A false-color image from the Gemini North Telescope in Hawaii shows the afterglow of GRB 090423 [circled], the most distant astronomical event yet observed. Gemini Observatory/NSF/AURA, D. Fox and A. Cucchiara (Penn State University) and E. Berger (Harvard University)
From Scientific American:
A stellar explosion spotted in April took place 13 billion years ago.
A violent explosion picked up by a NASA satellite earlier this year is the oldest object ever seen by astronomers, its light having been emitted some 13 billion years ago. At that time the universe was roughly 5 percent of its present age and the big bang was a fairly recent occurrence, having taken place just 600 million years earlier.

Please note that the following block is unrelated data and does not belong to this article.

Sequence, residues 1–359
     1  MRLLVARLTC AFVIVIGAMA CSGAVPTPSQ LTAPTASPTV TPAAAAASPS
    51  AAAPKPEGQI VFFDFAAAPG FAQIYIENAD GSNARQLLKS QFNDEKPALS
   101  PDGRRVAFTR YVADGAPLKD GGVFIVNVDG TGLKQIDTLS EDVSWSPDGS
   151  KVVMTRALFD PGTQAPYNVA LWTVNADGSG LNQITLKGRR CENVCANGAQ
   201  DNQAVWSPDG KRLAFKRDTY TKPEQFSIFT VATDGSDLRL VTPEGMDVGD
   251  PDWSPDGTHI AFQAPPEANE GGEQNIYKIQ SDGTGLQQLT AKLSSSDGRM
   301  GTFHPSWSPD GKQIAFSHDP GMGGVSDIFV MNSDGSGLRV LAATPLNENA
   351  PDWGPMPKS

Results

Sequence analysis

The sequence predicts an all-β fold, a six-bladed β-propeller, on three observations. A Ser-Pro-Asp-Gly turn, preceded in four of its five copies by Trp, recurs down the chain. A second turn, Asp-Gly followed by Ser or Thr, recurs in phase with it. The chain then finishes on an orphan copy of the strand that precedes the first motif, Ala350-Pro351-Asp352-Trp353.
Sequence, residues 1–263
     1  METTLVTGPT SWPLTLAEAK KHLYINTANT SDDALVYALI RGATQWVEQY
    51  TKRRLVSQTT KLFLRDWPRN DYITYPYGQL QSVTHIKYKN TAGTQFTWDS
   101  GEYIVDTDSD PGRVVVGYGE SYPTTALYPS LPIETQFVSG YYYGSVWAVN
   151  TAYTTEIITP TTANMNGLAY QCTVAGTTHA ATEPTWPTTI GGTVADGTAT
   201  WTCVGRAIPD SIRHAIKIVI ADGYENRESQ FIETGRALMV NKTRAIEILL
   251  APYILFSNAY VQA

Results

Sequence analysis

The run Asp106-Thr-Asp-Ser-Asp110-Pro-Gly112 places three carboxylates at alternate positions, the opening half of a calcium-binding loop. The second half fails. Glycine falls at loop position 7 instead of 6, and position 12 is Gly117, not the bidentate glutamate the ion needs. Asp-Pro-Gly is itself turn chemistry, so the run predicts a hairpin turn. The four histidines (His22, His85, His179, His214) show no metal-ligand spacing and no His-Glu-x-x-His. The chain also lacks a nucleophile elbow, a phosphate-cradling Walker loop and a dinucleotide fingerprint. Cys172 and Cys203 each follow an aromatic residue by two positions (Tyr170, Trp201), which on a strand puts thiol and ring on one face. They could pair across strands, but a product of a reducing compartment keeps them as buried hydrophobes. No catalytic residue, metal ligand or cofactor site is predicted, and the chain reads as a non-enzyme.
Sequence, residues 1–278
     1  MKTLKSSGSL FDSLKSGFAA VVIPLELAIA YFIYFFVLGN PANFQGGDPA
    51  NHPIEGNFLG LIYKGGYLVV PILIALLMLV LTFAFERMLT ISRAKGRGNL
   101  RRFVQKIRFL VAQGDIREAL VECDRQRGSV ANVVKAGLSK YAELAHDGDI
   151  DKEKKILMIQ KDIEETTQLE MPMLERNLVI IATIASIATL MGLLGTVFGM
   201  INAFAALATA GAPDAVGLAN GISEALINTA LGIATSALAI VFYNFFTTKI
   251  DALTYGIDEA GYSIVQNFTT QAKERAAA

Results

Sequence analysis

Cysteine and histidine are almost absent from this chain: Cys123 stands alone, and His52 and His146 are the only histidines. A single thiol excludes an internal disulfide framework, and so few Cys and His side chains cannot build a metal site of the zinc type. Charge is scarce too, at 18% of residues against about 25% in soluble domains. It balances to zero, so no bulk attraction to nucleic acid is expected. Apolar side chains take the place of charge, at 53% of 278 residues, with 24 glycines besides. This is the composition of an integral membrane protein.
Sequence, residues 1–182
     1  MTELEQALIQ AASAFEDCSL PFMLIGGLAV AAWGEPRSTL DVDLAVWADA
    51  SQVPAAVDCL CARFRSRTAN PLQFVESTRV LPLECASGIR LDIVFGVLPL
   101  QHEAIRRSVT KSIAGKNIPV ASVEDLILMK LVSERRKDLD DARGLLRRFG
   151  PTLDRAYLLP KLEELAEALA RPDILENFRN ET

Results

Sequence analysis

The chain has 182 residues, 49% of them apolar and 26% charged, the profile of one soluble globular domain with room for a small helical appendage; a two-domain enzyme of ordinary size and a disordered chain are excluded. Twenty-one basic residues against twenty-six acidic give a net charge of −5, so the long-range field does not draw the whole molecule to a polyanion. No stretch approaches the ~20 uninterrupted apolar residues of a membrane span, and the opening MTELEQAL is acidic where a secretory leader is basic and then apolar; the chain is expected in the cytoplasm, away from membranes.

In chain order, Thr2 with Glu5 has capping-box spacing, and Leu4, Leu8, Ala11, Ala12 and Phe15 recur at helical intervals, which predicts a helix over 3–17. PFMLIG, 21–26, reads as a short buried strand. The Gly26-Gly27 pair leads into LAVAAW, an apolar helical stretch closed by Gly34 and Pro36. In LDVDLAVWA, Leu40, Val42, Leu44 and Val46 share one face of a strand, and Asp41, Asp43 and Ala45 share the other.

NASA's Swift Gamma-Ray Burst spacecraft spotted the flash signaling a massive stellar explosion on April 23. The explosion was officially designated GRB 090423, after its type (a gamma-ray burst) and date of detection; the space agency quickly announced it as the new record holder for cosmic distance. Now, two papers in the October 29 Nature present detailed analyses of the burst and afterglow, confirming the initial distance assessments and providing a few clues as to conditions in the early universe.
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